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Ontario Premier Kathleen Wynne listens to a question during a town hall meeting in Ottawa, on Jan. 18, 2018.


Ontario is demanding the federal government make good on promises to provide billions of dollars in compensation for key industries before ratifying a trans-Pacific free-trade deal.

Premier Kathleen Wynne on Thursday called for Ottawa to provide $1.26-billion for the province's auto sector and $1.4-billion for agricultural producers that will face loss of sales under the 11-country Comprehensive and Progressive Agreement for Trans-Pacific Partnership (TPP).

The agreement, which will reduce or eliminate trade barriers among countries that include Japan, Chile and Singapore, is expected to open the Canadian market to cheaper dairy products and auto parts, even as cattle, pork and grain farmers win new access to overseas consumers.

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"Our farmers and auto workers should not be placed at a disadvantage by this trade agreement," Ms. Wynne told a Toronto audience on Thursday.

As talks to renegotiate the North American free-trade agreement grind on, the TPP deal and last year's trade agreement with Europe offer a path to diversify Canada's trade ties.

A ratification vote in Parliament has not been set for the TPP deal, which covers a market of 495 million people generating US$13.5-trillion in economic output.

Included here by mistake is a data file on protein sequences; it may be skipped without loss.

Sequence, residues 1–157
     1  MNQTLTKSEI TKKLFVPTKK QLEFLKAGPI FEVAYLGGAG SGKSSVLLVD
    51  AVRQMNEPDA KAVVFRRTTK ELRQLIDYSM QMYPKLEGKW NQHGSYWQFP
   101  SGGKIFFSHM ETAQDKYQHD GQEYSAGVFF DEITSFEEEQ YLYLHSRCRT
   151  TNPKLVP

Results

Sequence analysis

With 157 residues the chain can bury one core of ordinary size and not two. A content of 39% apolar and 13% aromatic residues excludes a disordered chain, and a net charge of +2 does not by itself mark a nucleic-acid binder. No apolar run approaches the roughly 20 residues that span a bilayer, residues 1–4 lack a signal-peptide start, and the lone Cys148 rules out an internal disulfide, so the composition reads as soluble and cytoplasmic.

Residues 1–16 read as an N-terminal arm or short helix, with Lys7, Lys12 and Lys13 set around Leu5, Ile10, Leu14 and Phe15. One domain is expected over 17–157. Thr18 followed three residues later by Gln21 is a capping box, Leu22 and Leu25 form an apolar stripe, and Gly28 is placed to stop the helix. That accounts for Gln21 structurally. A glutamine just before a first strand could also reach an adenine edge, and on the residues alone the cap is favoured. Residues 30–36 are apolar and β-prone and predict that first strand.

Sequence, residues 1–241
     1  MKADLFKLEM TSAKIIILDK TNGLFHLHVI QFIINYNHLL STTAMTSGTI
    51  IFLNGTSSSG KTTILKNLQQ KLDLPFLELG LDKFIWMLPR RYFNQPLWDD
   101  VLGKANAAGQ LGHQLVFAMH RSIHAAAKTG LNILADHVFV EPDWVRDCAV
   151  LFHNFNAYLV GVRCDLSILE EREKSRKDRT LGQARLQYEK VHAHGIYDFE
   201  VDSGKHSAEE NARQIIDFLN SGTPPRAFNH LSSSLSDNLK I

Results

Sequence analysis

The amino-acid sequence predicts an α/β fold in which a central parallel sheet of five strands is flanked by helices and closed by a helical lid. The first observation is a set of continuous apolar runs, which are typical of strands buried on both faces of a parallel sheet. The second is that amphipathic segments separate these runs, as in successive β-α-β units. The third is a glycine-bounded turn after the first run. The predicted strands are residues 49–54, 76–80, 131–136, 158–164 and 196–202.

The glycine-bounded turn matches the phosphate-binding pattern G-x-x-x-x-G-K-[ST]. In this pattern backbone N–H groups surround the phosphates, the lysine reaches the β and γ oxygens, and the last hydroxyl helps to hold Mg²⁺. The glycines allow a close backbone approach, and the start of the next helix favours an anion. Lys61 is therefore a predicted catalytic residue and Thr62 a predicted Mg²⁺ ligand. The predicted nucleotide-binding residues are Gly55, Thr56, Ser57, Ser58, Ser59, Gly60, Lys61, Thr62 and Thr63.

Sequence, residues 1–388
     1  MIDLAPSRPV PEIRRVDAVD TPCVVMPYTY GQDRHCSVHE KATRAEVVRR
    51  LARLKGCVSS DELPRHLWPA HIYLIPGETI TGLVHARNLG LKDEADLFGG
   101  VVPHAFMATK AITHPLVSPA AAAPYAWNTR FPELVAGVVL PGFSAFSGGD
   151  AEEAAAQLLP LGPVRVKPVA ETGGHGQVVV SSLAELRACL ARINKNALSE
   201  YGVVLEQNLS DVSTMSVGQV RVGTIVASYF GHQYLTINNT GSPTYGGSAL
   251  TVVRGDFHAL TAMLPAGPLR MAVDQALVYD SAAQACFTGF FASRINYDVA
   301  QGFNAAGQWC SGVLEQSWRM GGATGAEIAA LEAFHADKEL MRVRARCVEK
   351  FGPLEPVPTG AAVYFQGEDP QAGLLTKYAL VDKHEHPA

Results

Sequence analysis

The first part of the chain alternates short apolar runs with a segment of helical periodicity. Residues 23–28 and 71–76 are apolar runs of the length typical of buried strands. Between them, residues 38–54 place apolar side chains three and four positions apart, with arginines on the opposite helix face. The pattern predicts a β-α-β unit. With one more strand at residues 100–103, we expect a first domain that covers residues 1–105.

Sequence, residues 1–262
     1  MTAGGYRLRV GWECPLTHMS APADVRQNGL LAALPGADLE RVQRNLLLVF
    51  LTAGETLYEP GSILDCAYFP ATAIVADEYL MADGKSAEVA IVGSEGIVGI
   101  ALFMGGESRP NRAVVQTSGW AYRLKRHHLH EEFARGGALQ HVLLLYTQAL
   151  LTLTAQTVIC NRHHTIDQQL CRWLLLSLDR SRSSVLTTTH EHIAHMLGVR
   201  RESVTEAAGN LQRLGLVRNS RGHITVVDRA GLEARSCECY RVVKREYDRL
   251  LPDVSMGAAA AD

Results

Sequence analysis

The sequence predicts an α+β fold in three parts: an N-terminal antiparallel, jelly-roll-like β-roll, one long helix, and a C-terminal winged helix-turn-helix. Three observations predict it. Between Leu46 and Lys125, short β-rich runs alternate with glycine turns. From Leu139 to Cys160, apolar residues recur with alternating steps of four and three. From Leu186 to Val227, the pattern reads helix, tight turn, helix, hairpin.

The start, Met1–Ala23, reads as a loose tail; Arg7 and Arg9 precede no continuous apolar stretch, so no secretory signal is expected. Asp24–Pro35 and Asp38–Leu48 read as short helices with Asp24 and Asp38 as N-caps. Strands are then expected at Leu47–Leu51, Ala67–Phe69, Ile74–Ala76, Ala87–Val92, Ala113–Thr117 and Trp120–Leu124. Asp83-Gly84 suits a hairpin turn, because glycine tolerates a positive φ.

Prime Minister Justin Trudeau last month called TPP "the right deal" for Canada.

The Conservative government first agreed to join the original Trans-Pacific Partnership in 2015 when it included the United States, promising to reduce the impact of lost sales with compensation worth $4.3-billion for Canada's dairy, chicken and other supply-managed farmers over 15 years, and $1-billion for the auto sector.

Ms. Wynne on Thursday called on Ottawa to make good on Ontario's share of these commitments, over 10 years, before the current deal is ratified. TPP "should only be ratified after the federal government has worked with us to put in place the transitional funding that our workers deserve," she said. "That was the plan in 2015 and it needs to still be the plan in 2018."

Ontario's agri-food sector, which includes farms and food factories, is the province's biggest sector by employment, at 800,000. Ontario said the sector stands to lose about $100-million in yearly sales under TPP.

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Dairy Farmers of Canada said the federal government is underestimating the effect of TPP concessions on domestic milk producers. The group said the cumulative impacts of trade deals with Europe and the Pacific region will negatively affect "hundreds of thousands" of farmers and dairy workers.

The Ontario auto sector employs more than 100,000 people in assembly and parts production. The province's analysis shows TPP will reduce investment in the auto sector by 2 per cent, reducing yearly gross domestic product by $80-million and possibly eliminating jobs.

The Japan Automobile Manufacturers Association of Canada has argued that the new trade deal is good for Canadian consumers, in part because it could mean lower prices for vehicles built in Japan and exported to Canada.

But the domestic Automotive Parts Manufacturers Association welcomed Ms. Wynne's call for aid, saying the funding will "rebalance significant negotiating concessions" made in TPP.

- With files from Greg Keenan

The eleven nations left in the Trans-Pacific partnership released the final version of the landmark trade deal on Wednesday. Reuters
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